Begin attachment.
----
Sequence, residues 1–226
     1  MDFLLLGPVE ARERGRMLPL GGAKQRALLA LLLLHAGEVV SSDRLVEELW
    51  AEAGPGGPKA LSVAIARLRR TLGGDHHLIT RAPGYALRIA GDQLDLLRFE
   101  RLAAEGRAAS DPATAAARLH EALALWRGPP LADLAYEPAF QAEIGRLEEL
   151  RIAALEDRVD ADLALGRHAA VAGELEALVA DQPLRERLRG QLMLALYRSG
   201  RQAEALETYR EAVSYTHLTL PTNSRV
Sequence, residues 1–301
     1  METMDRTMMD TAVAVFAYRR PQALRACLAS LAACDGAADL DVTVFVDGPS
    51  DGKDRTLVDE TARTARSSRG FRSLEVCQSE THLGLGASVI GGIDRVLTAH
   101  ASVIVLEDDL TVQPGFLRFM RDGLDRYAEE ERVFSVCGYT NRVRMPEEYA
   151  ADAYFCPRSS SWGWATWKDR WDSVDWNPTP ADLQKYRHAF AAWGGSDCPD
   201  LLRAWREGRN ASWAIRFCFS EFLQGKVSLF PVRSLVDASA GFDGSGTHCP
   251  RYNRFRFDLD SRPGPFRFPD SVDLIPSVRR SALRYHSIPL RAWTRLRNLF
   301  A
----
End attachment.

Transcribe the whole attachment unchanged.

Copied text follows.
Sequence, residues 1–226
     1  MDFLLLGPVE ARERGRMLPL GGAKQRALLA LLLLHAGEVV SSDRLVEELW
    51  AEAGPGGPKA LSVAIARLRR TLGGDHHLIT RAPGYALRIA GDQLDLLRFE
   101  RLAAEGRAAS DPATAAARLH EALALWRGPP LADLAYEPAF QAEIGRLEEL
   151  RIAALEDRVD ADLALGRHAA VAGELEALVA DQPLRERLRG QLMLALYRSG
   201  RQAEALETYR EAVSYTHLTL PTNSRV
Sequence, residues 1–301
     1  METMDRTMMD TAVAVFAYRR PQALRACLAS LAACDGAADL DVTVFVDGPS
    51  DGKDRTLVDE TARTARSSRG FRSLEVCQSE THLGLGASVI GGIDRVLTAH
   101  ASVIVLEDDL TVQPGFLRFM RDGLDRYAEE ERVFSVCGYT NRVRMPEEYA
   151  ADAYFCPRSS SWGWATWKDR WDSVDWNPTP ADLQKYRHAF AAWGGSDCPD
   201  LLRAWREGRN ASWAIRFCFS EFLQGKVSLF PVRSLVDASA GFDGSGTHCP
   251  RYNRFRFDLD SRPGPFRFPD SVDLIPSVRR SALRYHSIPL RAWTRLRNLF
   301  A